Tomorrow will be the first time I vote in Ireland—and the very first time I vote in any country other than the United States.
Ireland has a two-house parliament, known as the “Oireachtas.” Tomorrow’s election will be for the lower, most powerful house, which is directly elected at least once every five years under a “single transferable vote system of proportional representation in multiple seat constituencies” or “STV” for short.
Coming as I do from a country with a two-party system where “winner takes all,” this mouthful was a bit hard for me to wrap my tongue (and head) around. Now that I understand it better, though, I really like it!
Here’s a pretty good explanation (despite an appalling number of typos!) of how it works:
Single” is crucial – because we each really have only one vote, despite the fact we are asked on a ballot paper to vote 1,2,3… in the order we prefer the candidates. The preferences 2,3,4, etc are our instructions to the election counter, the returning officer, on what to do with our “single” vote if our first preference candidate is not in with a chance of election. Or if he/she, in being elected, has amassed more votes than he strictly needs.
In either case, the whole vote, or part of it, is “transfered” [sic] to another candidate.
Crucial to understanding how this is done is the “quota” – this is simply the number of votes needed to get elected and it varies with the number of seats in a constituency.
In a single-seat constituency – like the presidential election – the quota is 51 per cent of votes cast.
Clearly, only one candidate can reach this figure, so another way of defining the quota is that it is “the number of votes which can only be achieved by the number of candidates to be elected.”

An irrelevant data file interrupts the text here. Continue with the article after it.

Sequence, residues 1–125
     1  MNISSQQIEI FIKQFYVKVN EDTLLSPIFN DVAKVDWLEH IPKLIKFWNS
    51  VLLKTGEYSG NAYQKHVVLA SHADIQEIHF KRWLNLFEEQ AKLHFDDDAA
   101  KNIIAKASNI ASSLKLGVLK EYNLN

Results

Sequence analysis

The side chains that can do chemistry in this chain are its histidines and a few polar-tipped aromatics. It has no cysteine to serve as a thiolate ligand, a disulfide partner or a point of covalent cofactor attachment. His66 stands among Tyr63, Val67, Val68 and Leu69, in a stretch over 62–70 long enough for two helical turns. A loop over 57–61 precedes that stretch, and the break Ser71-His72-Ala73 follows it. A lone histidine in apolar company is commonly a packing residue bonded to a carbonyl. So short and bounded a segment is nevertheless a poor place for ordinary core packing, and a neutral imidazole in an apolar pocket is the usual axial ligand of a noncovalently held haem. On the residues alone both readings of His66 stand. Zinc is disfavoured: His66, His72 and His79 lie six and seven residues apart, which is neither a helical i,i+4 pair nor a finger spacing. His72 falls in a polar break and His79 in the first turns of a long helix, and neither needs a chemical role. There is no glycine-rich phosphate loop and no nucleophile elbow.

In a two-seat constituency, it would be possible for three candidates each to have 33 per cent of the vote (33 x 3= 99), but only two can possibly have as much as 34 per cent (34 x 3= 102). So 34 is then the winning line, or quota.
In a three-seat contest, using the same logic, it is theoretically possible for four candidates to each have 25 per cent of the vote. But we only want three elected – only three candidates can achieve 26 per cent, the quota in this case.
If candidate A reaches the quota he/she is deeemed [sic] elected and the returning officer then subtracts the quota from A’s vote to calculate the surplus.
That surplus can then be divided between the remaining candidates in proportion to A’s second preferences – this ensures that votes for A are not wasted if there are more than enough to elect him.
Similarly, if there are no candidates elected during one of the many counts that the system usually requires, the returning officer counts the second preferences of the candidate with fewest votes and distributes them accordingly.
The two processes – distribution of surpluese [sic] and eliminations – are repeated, often many times, carrying on through the available preferences, until the required number of candidates is elected.
At the end of the election it often happens that the last elected is elected without reaching the quota – this happens because voters often do not use all their preferences up and so votes end up transfering [sic] nowhere.
This feature of the system has two effects – it lowers the effective quota at the end of the counting process allowing some candidates to be elcted [sic] without reaching the quota, and it means that those parties or individuals who are better at attracting lower preferences get a bonus from the system in terms of seats.
Ok, I don’t totally understand it! What is clear, however, is that it offers a voter a much better chance at representation than the system currently in effect in America. It also guarantees small, alternative parties or independent candidates a shot at getting elected.
So, here is a list of choices for my district tomorrow. Four of them will be elected:
As you can see, my district’s three outgoing TD’s (“Teachta Dála” or deputy—one TD is not standing for re-election) run the gamut from far right (Michael McDowell, who I’ve previously compared here to Karl Rove or Dick Cheney) to far left, Daithi Doolan who is Sinn Féin.
For the first time in my political life, I feel like I have choices who actually reflect my politics.